San Francisco. Apple said on Monday it was making its own maps for iPhones and iPads as it revved up its mobile gadget operating system in a drive to outdistance rivals powered by Google’s Android software.
Apple chief Tim Cook kicked off the California company’s annual Worldwide Developers Conference (WWDC) by showing off new capabilities for Apple’s coveted gadgets and slimmer, more powerful MacBook laptop computers.
As anticipated, Apple booted Google Maps from the next-generation operating software for iPhones and iPads, opening up a new front in the war with the maker of the Android operating system.
Apple’s new iOS 6 operating system for the iPhone and iPad includes “an entire new mapping solution from the ground up, and it is beautiful,” Apple’s Scott Forstall told the standing-room only crowd in San Francisco.
“We are doing all the cartography ourselves. We are covering the world.”
Apple has “ingested hundreds of millions of business listings around the world,” he added, and has integrated with the consumer review service Yelp for reviews and ratings.
The Apple maps program will includes real-time traffic, updated with help from users “to keep traffic info fresh and up to date,” he added.
The move means Apple will no longer rely on the Google program for its main maps application.
Apple has been in an intense legal battle with makers of Android devices, contending the open-source software infringes on patents from the iPhone and its operating system.
Although Maps does little to generate revenues directly, it often links to searches for products and services such as restaurants or businesses.
Analysts say the Apple maps program could over time move iPhone and iPad users away from Google search and reduce revenues for the search giant.
“Make no mistake, with maps and some expanded Siri features, Apple is now in the search business,” said analyst Greg Sterling on the technology blog Search Engine Land.
Google last week unveiled a revamped maps program that allows users to select an area and save a local map which can be viewed when a user does not have a data connection.
Apple said its iOS 6 will be in devices shipped in the coming months that will also include a better-educated Siri personal assistant, which performs many of the search functions of Google.
“Siri has been out only eight months,” Forstall said.
“In these eight months Siri has been studying up and learning a lot more.”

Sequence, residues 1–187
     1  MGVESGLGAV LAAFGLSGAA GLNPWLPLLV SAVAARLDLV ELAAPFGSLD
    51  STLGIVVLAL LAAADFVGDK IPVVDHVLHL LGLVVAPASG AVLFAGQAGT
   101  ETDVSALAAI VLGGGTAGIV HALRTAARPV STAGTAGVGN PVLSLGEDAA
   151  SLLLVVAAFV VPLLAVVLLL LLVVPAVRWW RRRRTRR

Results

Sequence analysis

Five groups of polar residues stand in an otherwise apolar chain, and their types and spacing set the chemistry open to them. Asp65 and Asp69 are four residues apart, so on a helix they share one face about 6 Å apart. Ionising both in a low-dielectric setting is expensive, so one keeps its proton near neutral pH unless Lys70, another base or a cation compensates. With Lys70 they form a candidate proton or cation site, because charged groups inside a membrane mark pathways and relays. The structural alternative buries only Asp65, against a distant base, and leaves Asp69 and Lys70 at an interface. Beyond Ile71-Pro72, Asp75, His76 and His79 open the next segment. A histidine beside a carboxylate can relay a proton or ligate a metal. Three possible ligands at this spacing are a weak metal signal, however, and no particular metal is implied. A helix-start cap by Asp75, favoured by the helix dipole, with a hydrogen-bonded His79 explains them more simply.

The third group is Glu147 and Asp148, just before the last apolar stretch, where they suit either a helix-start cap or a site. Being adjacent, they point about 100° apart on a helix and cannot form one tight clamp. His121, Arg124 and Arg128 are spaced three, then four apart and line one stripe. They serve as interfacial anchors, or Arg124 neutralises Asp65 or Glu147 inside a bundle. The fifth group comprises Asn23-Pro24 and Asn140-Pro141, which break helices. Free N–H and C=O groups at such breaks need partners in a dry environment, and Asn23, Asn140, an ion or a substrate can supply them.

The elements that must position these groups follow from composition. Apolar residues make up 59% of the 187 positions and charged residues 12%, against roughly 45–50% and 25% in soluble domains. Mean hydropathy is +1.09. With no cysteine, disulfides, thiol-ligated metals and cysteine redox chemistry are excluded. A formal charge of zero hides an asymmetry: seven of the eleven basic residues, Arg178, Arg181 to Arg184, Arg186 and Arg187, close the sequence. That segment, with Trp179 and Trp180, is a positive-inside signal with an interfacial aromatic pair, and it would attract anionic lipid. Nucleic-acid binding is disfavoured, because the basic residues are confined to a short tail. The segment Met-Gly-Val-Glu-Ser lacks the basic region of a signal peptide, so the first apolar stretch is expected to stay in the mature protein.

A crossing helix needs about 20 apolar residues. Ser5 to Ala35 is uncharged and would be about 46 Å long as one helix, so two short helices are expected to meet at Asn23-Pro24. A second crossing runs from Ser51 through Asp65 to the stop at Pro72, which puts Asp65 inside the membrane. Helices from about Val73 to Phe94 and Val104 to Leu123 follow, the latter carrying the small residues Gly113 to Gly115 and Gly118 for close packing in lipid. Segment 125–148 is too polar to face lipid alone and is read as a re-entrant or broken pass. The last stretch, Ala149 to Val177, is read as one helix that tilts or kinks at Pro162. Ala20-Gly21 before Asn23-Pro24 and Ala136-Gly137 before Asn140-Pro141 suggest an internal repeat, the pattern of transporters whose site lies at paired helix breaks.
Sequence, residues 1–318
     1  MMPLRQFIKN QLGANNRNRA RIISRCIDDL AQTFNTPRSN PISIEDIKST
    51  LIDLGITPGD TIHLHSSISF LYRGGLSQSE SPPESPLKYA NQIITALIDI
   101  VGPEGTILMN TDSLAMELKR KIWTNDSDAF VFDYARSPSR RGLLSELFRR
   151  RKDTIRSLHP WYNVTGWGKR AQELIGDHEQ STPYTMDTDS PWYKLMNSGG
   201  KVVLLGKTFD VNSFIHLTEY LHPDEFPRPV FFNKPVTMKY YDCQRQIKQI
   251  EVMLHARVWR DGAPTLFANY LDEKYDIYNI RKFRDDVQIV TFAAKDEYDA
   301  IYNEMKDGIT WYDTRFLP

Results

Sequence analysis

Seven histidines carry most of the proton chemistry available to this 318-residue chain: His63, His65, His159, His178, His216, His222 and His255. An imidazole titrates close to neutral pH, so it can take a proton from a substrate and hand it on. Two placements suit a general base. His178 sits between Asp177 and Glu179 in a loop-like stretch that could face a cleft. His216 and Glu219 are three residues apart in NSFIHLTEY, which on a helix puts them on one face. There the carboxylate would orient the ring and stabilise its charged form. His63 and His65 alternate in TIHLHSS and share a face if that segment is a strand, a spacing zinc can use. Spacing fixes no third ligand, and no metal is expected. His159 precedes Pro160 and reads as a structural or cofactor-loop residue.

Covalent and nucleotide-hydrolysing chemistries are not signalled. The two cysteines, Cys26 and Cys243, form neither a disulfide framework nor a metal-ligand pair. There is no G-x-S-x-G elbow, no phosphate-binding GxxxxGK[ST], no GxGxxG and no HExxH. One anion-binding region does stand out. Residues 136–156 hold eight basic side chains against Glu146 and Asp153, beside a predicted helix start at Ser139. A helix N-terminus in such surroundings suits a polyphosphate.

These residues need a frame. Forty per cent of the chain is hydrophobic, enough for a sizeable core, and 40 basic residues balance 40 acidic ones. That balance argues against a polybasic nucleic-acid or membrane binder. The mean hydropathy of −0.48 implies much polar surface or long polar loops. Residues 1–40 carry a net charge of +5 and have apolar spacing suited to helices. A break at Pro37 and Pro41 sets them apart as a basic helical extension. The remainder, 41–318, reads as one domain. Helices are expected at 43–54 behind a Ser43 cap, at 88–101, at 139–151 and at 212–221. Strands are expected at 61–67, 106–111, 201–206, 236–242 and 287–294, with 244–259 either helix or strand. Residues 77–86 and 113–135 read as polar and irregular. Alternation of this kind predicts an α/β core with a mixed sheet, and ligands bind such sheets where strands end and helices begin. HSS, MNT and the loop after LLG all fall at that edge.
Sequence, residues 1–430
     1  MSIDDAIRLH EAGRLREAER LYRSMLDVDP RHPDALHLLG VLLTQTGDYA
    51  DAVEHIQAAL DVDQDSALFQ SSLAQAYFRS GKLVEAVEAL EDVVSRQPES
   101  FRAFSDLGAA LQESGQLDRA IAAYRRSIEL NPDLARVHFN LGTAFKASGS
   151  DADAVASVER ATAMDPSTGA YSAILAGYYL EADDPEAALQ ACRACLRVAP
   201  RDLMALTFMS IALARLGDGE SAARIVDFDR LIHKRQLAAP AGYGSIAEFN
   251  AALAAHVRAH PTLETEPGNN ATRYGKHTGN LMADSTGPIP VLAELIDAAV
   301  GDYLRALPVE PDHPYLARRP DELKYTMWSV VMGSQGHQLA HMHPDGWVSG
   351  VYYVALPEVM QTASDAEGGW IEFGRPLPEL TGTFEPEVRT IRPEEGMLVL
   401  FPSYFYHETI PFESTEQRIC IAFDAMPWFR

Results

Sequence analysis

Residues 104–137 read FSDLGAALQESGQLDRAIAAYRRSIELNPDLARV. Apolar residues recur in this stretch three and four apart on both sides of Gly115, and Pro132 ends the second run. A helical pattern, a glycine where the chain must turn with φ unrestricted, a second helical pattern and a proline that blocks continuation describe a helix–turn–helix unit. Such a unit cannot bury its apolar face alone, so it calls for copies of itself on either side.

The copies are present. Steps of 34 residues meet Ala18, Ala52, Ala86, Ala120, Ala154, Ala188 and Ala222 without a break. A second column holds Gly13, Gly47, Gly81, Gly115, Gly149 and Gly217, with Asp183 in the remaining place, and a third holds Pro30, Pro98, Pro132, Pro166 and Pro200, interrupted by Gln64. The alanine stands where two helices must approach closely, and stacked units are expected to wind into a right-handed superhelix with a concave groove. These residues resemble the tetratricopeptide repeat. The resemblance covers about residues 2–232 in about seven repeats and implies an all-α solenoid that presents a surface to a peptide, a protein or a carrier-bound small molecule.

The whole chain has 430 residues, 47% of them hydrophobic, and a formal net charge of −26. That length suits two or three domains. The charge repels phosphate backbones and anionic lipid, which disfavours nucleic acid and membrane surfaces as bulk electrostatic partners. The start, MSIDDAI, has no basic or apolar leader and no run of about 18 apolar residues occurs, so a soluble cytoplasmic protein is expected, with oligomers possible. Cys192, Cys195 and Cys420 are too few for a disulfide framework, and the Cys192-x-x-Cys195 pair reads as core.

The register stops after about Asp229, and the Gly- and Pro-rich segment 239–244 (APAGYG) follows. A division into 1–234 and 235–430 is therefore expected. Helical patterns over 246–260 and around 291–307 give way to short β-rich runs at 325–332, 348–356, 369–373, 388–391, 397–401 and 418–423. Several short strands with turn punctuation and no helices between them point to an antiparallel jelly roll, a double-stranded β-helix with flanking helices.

Siri, which made its debut with the release of the iPhone 4S, will be extended to recent generation iPad tablet computers, according to Forstall.
Another improvement to the iOS will be to incorporate Facebook within the operating system of Apple devices.
“We have been working very closely with Facebook to create the best Facebook experience ever on a mobile device, we are integrating it right into iOS 6,” Forstall said.
Apple pulled back the curtain on slimmer, more powerful Macintosh laptops.
The move keeps Apple, which has been dominating the market for tablet computers like the iPad, in the game against a new line of slimmer laptops using Microsoft Windows or the Google Chrome operating system.
“Today we’ve updated the entire MacBook line with faster processors, graphics, memory, flash storage and USB 3 connectivity,” said Philip Schiller, Apple’s senior vice president of worldwide marketing.
The MacBook Air is facing new competition from Windows-powered laptops which have slimmed down for extra portability, but Apple boasted about the superiority of the MacBook.
New models will see a boost in speed and memory and cost $100 less than previous versions.
The high-performance MacBook Pro will include the “Retina” display used on the new iPads, giving an extra high resolution screen.
“With a gorgeous Retina display, all flash architecture and a radically thin and light design, the new MacBook Pro is the most advanced Mac we have ever built,” Cook said.
Prices start at $1,399.
The MacBook Air is as thin as 0.68 inches (1.7 centimeters) and weighs as little as 2.38 pounds (1.08 kilos). Its price starts at $999.
The new MacBook Pro is “a screamer of a machine,” according to Gartner analyst Van Baker.
“Apple is doing some amazing things with the notebook form factor,” Baker said. “It is a shame to see Apple as the only notebook manufacturer doing innovation as opposed to driving costs down.”
Equity Research managing director Trip Chowdhry summed up the Apple announcements as “nice refresh, but no breakthroughs.”